Currently, there is no cure for Ehlers-Danlos
Syndrome, so medical intervention is limited to symptomatic therapy,
prophylactic measures, and counseling. Some individuals with EDS have
little disability, whereas other people can be severely handicapped.
Often, people are plagued with chronic pain. This must be treated on an
individualized basis and discussed with your primary caretakers. EDS is
generally not a disorder which causes someone to "stick out like a sore
thumb". Often individuals describe a frustration at having to restrict
various activities and trying to explain to others why. Many
individuals learn to cope with their disorder, and have the potential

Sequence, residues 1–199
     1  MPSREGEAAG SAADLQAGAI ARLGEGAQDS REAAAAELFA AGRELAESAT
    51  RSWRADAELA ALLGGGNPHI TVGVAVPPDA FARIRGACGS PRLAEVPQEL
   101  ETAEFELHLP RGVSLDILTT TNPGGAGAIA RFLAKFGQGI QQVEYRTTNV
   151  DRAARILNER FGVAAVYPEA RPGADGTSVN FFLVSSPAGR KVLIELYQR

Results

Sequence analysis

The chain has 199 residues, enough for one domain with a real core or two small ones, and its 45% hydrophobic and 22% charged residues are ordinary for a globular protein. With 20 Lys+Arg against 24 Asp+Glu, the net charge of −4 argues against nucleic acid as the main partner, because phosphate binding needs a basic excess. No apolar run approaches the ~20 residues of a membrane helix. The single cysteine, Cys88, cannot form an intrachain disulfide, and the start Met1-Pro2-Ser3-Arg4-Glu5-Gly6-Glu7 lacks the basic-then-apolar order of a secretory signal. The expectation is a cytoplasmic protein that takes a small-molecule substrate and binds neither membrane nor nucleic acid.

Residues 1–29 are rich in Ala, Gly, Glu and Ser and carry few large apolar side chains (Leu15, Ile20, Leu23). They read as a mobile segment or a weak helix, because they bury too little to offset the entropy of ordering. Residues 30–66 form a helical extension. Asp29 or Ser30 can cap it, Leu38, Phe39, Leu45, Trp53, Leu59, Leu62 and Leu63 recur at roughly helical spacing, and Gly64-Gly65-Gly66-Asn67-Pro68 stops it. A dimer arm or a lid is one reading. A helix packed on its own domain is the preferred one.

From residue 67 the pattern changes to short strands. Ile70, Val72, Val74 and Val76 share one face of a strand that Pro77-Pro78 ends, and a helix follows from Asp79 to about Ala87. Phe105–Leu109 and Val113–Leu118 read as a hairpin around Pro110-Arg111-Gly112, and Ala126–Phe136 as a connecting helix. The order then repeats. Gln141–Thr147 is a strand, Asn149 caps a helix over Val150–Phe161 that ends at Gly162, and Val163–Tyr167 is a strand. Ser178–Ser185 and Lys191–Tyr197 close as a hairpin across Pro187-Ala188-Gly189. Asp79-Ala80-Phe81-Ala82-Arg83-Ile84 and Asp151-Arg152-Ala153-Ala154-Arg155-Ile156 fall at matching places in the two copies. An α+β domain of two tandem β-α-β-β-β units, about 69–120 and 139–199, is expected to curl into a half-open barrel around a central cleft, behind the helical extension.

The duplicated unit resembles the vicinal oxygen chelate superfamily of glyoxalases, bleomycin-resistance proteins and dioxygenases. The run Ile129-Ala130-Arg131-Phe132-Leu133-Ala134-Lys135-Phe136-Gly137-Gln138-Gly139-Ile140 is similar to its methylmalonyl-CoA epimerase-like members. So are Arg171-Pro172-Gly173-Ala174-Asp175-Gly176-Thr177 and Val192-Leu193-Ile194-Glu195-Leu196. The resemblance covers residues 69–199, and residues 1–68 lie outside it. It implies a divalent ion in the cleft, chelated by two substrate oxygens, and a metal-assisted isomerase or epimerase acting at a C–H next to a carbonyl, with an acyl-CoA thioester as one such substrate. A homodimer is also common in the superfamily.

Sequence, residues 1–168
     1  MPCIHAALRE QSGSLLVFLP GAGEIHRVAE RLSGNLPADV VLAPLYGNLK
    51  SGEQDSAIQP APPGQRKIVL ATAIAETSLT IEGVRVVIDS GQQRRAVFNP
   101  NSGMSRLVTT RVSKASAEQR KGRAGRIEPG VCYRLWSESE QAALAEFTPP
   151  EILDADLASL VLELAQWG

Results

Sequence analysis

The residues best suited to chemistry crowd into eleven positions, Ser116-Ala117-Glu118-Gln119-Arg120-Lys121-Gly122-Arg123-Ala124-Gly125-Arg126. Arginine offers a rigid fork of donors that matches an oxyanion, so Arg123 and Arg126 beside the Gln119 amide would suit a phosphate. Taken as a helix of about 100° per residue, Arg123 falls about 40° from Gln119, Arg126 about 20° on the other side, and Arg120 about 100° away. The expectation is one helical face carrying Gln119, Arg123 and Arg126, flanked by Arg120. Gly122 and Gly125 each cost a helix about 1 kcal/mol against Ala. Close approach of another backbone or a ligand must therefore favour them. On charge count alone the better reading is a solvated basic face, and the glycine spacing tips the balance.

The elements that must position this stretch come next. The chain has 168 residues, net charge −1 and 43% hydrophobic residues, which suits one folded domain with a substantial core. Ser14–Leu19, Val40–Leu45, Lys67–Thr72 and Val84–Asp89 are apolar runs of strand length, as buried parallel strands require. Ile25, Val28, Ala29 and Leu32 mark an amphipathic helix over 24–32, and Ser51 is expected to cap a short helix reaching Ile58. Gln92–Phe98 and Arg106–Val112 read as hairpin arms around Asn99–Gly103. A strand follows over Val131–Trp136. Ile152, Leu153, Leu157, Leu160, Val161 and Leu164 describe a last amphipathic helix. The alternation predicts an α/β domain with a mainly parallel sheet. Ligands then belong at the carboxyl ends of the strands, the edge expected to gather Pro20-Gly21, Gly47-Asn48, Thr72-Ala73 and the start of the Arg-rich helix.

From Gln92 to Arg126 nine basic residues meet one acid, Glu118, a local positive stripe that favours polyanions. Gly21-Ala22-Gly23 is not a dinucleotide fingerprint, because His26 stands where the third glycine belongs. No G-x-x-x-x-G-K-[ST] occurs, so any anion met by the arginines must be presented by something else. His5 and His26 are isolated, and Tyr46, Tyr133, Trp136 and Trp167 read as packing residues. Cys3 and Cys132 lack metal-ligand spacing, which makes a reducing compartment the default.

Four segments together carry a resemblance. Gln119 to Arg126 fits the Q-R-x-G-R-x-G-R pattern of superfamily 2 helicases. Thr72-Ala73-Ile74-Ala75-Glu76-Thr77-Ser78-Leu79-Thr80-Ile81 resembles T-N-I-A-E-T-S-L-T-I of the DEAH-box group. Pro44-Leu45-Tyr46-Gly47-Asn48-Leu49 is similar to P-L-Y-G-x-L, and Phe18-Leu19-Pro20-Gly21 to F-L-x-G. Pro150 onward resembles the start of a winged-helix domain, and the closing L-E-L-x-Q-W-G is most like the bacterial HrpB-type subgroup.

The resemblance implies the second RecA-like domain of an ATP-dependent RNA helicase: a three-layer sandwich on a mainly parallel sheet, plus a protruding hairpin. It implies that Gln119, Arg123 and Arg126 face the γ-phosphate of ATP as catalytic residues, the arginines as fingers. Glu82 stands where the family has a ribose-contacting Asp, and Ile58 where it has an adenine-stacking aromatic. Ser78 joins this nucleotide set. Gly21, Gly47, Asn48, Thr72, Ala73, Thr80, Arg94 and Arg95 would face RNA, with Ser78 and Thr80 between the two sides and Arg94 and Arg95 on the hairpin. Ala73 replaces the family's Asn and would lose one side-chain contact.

to pursue countless careers, and lead a full and active life. However,
some patients are troubled by hypotonia, joint instability, and chronic
joint pain. These symptoms should be recognized and discussed, and
lifestyles, professional choices should be adapted accordingly.
EDS is a lifelong condition, some individuals may face social obstacles
related to their disorder on a daily basis. Some report living with
fears of significant and painful skin ruptures, becoming pregnant
(especially those with Vascular EDS), their condition worsening,
unemployment, physical and mental burdens, and social stigmatization's
in general. (A Health Advantage. "Ehlers-Danlos Syndrome" Java O.
Solis, MD) www.ahealthyadvantage.com